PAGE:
When, studying my sermon, I had strolled some distance under the lofty crowns of foliage, a strange figure came toward me, whom I at once supposed to be the gardener—a short, gray-haired man in a peasant's jerkin, over which a green apron was tied, a green cap, horn spectacles on his sharp, hawk's nose, an axe in his bony hand, and with one foot slightly dragging. I went up to him, greeted him in my affable manner, and asked if it was due to his care that the beautiful park was in such admirable order.

At first he nodded silently, scanning me from head to foot with the air of an expert examining some new plant to see whether it would be likely to thrive in this soil. Then he said, by no means sullenly, that he was the gardener Liborius and I was probably the new tutor. As this was a leisure evening, he would do me the honor to show me the park.

While walking by his side, I had a strange conversation. In the first place, he modestly refused my praise of his skill in gardening. He would not be able to accomplish half without Uncle Joachim, who planned everything that was to be done. True, he himself knew more about cultivating flowers, because he had been educated for an apothecary, and, had he not been compelled to enter the army, would probably be one now. But while serving as the baron's orderly—the elder brother—he had been shot in the foot; so, after he had obtained his discharge, his master had made him gardener on the estate. At that time the park was a perfect wilderness, everything higgledy-piggledy, and at first he had only bungled, until at last the younger baron came. “Yes,” he added, glancing at me as if somewhat doubtful whether he might venture to speak openly, “many things would go wrong if it were not for Uncle Joachim. There's no telling all he has on his shoulders—half the management of the estate, the garden and stables, and the few cattle, for the larger portion of the land is leased. And yet he gets small thanks for it. They say that as a young officer he was what people call a sly chap, ran in debt, gambled, had love affairs; we know how things are with young noblemen who serve as officers. Then his brother once helped him out of a scrape and made him take an oath to lead a regular life, and he has done so too. But they always treat him like the prodigal son in the gospel, only there is no fatted calf killed for him. And why? Because he doesn't go to church. You pull a long face over it, Herr Candidate, but you can believe this: he's more religious at heart than many a man who can repeat the whole hymn-book; if he were not, there's much that would look very different here. For our master, he's not exactly a bad one, but very strict, like our Lord in the Old Testament, and looks after the pennies and wages, so, though the heavens should fall, he never abates any of the work the peasants are obliged to do for him. Unfortunately, he is obliged to look after his due, for the estate was heavily laden with debt when he took possession of it, and had he not made the wealthy marriage he did—for the money comes from her—he could not have lived here, especially as he, too, in by-gone days, led a jolly life and spent a great deal. Well, he's tolerably well over that now, but he nips and saves at all the ends and corners, always saying it is for his children. Would you believe it, he wanted to send me off six years ago, after the grounds here were at last in proper order and the park could be seen again. His brother could attend to it with one of the servants. Then I said: 'Don't send me away, Herr Baron; I'm no longer a young man, and have forgotten my training as an apothecary, and my heart clings to the old trees as we cleave to an old love. If it's only the wages, I'll gladly give them up, if I can keep my room and have the little food I eat.' So he let me stay, and I drudge away in Heaven's name and for the sake of Uncle Joachim, who could not manage it all alone. And now Fräulein Luise helps us, too.”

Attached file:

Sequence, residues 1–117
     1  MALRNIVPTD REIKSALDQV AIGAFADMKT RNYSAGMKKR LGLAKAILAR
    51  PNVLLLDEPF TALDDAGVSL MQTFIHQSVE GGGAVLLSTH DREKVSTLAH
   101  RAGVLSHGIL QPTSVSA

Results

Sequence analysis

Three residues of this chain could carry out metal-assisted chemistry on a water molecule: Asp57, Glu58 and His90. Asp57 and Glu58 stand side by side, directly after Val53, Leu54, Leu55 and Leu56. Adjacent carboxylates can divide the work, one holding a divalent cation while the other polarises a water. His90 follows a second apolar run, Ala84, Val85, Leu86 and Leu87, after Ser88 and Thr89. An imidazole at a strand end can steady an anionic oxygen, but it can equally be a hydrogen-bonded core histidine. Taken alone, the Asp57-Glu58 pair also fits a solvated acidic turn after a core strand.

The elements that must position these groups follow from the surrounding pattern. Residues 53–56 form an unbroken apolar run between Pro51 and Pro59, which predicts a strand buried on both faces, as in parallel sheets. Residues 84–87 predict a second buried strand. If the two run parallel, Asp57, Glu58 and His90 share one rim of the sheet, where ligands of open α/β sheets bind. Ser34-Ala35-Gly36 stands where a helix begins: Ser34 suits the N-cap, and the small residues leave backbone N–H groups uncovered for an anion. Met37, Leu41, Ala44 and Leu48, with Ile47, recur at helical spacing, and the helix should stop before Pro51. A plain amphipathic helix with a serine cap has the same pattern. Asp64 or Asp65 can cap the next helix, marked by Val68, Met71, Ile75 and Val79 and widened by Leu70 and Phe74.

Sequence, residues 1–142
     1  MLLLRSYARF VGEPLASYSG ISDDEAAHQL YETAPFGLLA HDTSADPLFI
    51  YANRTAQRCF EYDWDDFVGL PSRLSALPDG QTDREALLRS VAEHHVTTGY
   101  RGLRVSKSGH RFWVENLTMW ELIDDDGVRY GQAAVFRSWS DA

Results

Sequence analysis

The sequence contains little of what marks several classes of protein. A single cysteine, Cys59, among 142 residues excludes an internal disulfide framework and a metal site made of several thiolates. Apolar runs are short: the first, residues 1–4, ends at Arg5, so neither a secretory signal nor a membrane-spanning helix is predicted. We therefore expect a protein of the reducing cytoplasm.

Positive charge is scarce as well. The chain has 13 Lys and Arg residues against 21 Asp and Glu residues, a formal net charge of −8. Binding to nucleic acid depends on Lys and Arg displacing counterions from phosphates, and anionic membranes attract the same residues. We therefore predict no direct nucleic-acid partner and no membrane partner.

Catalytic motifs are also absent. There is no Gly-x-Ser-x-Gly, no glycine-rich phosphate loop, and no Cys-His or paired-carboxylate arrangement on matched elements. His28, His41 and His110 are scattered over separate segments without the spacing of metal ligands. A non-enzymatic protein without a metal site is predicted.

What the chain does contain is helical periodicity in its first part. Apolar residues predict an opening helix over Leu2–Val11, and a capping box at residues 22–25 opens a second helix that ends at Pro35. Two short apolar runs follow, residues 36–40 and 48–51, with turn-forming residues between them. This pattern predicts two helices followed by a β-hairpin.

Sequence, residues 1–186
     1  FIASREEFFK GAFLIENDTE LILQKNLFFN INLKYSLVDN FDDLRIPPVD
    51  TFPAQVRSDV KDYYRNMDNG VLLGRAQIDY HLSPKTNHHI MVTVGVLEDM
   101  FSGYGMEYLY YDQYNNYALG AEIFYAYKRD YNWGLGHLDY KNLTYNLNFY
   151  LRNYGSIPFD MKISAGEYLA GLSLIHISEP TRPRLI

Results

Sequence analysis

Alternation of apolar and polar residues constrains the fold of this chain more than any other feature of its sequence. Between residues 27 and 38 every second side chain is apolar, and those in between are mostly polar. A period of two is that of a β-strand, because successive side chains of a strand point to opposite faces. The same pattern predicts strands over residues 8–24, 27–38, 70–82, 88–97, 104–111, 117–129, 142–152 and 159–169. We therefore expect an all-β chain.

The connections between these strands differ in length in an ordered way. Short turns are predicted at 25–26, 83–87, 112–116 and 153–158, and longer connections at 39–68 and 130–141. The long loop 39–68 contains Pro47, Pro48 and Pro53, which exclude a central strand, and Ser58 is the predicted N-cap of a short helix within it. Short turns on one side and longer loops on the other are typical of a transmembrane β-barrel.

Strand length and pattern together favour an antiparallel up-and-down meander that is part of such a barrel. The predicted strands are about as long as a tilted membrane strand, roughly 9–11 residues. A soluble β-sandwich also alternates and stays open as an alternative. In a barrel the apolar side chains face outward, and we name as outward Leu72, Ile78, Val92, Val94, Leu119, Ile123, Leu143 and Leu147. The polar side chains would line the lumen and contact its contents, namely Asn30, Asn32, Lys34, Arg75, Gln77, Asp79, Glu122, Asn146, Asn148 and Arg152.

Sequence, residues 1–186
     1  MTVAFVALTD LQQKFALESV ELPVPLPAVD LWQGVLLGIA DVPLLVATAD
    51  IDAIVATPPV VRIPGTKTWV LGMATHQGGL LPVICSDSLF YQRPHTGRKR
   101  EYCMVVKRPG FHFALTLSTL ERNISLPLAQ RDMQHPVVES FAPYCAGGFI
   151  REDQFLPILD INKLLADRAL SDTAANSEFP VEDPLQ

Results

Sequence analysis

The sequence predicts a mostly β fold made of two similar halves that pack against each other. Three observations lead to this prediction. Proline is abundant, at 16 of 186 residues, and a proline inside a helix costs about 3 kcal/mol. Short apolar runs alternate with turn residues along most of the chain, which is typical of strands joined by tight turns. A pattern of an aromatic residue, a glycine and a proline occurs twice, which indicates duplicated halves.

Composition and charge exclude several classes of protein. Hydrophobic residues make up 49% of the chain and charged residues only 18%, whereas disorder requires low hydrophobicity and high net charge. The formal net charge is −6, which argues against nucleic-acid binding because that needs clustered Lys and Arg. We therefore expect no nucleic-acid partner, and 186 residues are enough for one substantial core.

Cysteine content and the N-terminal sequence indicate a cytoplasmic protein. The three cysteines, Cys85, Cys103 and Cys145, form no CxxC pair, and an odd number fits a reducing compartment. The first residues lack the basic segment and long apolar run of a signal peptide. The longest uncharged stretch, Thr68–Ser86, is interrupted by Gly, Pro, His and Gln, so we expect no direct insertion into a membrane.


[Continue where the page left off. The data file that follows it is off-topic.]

“The Canoness?” I interrupted.